When I wrote my Leone-inspired SF gamebook Heart of Ice, I knew it would need to have multiple endings. The basic premise was save-the-world, but there were others chasing the same goal as the reader’s character and, in most cases, the plans those rival heroes (or antiheroes – well, I did say it was a Leone movie) had for saving the world involved different variations on destroying it. Obviously a black-or-white outcome was never going to work for that story. (The multiple endings of Heart of Ice were also a sort of nod to the various cuts of Blade Runner, but that’s a detail.)
The pitfall with fixating on the number of different endings is that it puts too much emphasis on plot – and plot alone can’t be what’s interesting about a novel or movie, or we’d just read the summaries on Wikipedia. Great Expectations has two endings, and it’s one of the best novels ever written, but not for that reason. Prospero invites the audience to supply the ending of The Tempest (“I must be here confined by you, or sent to Naples”) and it’s one of Shakespeare’s patchier plays – but not on account of that epilogue, which is vintage Bard.
Look at it this way: a novel is a program for the mind. You run it on your brain by reading it, and that gives a unique experience. Then we come away with Pip’s or Prospero’s life in our memory, almost like events that happened to us. Just looking at the plot will tell you what the program does, but you don’t get to experience it. You have to be there for the whole story for the ending to matter and make sense.
That’s not just true for regular novels, it applies to interactive fiction too. As the reader of a gamebook, I might be striving to achieve one of several different outcomes, like the protagonist in a Coen Brothers movie, but a good story is never going to deliver the ending exactly as expected anyway. What makes the difference is the route I take to get there – and that is just as much in my own mind as it is in the flowchart of possible choices the author has presented me with.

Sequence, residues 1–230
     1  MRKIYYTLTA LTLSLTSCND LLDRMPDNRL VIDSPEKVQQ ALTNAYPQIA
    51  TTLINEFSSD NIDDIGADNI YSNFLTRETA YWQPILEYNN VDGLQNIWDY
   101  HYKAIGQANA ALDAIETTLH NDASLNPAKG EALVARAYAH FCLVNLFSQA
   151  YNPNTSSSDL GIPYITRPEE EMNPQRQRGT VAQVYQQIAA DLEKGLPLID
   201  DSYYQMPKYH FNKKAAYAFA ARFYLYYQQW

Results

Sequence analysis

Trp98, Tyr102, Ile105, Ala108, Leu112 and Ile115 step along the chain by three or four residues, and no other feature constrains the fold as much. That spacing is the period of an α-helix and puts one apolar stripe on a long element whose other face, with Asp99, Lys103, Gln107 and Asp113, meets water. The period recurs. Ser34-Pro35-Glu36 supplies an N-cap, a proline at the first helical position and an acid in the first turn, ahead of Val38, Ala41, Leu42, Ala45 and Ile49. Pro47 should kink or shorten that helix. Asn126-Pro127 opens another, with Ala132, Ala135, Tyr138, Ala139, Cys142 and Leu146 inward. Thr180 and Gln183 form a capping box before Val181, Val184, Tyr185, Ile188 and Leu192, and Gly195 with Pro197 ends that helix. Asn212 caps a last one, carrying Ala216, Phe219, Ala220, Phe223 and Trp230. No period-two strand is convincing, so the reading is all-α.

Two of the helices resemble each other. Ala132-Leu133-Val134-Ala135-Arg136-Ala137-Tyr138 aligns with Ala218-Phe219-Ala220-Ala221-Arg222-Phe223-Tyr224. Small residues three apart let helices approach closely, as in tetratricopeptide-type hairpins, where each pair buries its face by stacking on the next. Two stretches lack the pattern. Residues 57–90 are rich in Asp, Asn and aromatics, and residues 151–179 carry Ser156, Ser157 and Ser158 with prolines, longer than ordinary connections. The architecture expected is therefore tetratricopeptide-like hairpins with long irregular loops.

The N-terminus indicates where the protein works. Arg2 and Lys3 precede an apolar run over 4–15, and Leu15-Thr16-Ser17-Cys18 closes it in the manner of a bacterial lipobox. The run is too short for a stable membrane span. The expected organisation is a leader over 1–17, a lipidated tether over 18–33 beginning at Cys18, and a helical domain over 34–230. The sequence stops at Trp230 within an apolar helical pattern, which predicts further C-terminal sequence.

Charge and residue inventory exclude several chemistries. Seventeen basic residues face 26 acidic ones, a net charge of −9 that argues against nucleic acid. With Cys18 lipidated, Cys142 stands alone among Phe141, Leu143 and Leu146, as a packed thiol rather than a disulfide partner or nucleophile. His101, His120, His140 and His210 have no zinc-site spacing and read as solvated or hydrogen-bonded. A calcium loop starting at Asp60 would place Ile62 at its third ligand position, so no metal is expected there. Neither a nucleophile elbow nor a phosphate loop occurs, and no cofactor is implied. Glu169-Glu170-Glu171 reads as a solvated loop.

In Frankenstein there happen to be several distinct endings – I didn't count, but there must be at least six or seven. If you look at them from a plot point of view, they’re not wildly different. I didn’t have one where Victor creates a race of little frankenkinder and another where he goes off and becomes a botanist instead. All paths through the story lead to Victor’s death. (Since it’s a tragedy, I don’t think that’s a spoiler.) But consider all the stories you might have experienced up to that point:
- Two villains: a cold, ruthless madman pursued by a murderous monster.
- Two heroes: an idealistic visionary and the tortured, sensitive child-man he creates.
- One hero and one villain: which can play out either way round.
- Or something even more interesting, in which both our characters are flawed but have some of the qualities of greatness – the defining scenario for a tragedy.
At the end of all of that, you may reach one of those half dozen final paragraphs. The number of stories you may have travelled through to get there, however, is infinitely greater.